Cold weather reduces salvinia in Lake Bistineau

Courtesy Photo A cluster of giant salvinia with an adult weevil.

Lake area to see decrease in harmful plant

Earlier this month, the Louisiana Department of Wildlife and Fisheries released a report that the freezing temperatures across the state may help kill off giant salvinia, “an invasive aquatic plant overtaking many of the state’s freshwater systems.”

We spoke with Pete Camp, president of the Bistineau Foundation, to see how the freezing weather in the area might affect the salvinia population in Lake Bistineau.

“The past few winters had been very mild, which allowed the salvinia to survive over winter,” Camp said. “This led to large amounts of salvinia present on the lake in early spring when the growing season began. The cold weather events that we have had this year so far will definitely help reduce the amount of salvinia coverage on the lake. Extended periods of sub-freezing temperatures will damage and hopefully kill the weed.”

Camp said salvinia is harmful because it is a weed that spreads rapidly and has the ability to completely take over a lake.

“During the prime growing season on Lake Bistineau, salvinia will double in mass every three to five days,” he said.

“Salvinia floats on the surface and forms large mats which will blow around with the wind.”

Salvinia was first discovered on Lake Bistineau in 2006, and since then Camp said it has been necessary to lower the lake annually to prevent salvinia from taking over.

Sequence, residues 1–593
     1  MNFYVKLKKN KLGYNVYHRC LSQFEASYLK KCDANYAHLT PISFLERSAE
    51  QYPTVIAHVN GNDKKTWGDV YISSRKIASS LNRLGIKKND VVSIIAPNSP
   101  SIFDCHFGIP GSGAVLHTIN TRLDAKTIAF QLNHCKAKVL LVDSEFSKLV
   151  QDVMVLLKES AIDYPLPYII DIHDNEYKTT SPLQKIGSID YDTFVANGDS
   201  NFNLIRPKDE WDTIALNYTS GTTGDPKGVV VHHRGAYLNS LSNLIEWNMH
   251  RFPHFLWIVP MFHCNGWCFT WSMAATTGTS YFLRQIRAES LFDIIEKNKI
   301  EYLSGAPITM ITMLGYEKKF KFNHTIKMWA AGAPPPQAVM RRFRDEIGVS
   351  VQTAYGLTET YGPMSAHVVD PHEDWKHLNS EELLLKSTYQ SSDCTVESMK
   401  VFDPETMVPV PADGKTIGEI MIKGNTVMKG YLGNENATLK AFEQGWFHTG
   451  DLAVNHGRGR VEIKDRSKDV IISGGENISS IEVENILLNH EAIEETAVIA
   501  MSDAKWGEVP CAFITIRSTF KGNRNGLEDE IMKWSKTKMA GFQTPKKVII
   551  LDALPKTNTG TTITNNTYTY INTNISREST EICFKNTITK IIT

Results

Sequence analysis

“It is important to keep salvinia under control so that the lake can be utilized by all user groups: fishermen, recreational boaters, duck hunters, property owners, and so on,” he said.

Last year, the LDWF spent over $800,000 spraying chemicals to kill salvinia on Lake Bistineau alone. Luckily, the weather has stepped in to help.

“Most of the salvinia on the lake appears to be very brown and damaged,” Camp said. “It will take a couple of weeks for the dead salvinia to sink, and it can then be determined how much survived.”

In addition to chemicals and harsh weather, another enemy of salvinia is the salvinia weevil, something the Bistineau Foundation has kept well stocked in the lake for three years.

“The weevil is the only natural predator of salvinia,” Camp said. “One issue with the weevil is that it is not cold weather tolerant. The winter temperatures of north Louisiana will at times get low enough to kill the weevil.”

Camp said the temperatures that kill the weevil also kill salvinia, which is the purpose of the weevil in the first place. Even if the weevils survive, salvinia is their only food source, and without it they will die.

“We have had weevils survive the past two winters,” Camp said. “It is too early to tell if any weevils survived this cold weather. We will begin raising more weevils as soon as possible to restock the areas where salvinia survived. It does not matter to us if the weevil kills the salvinia or the cold weather kills it, as long as it gets killed.”

Camp said at the end of the day, the cold weather will reduce salvinia on Lake Bistineau but not eliminate it.

“I expect in a few weeks the lake will look as good as it has in years, but this is no time to relax and let our guard down,” he said. “This is a time to stay out in front of the growth to maintain control. Mother Nature has done her part. Now it is time for everyone to do their part. The Bistineau Foundation will definitely be doing everything possible to assist LDWF in their efforts to keep Lake Bistineau beautiful.”

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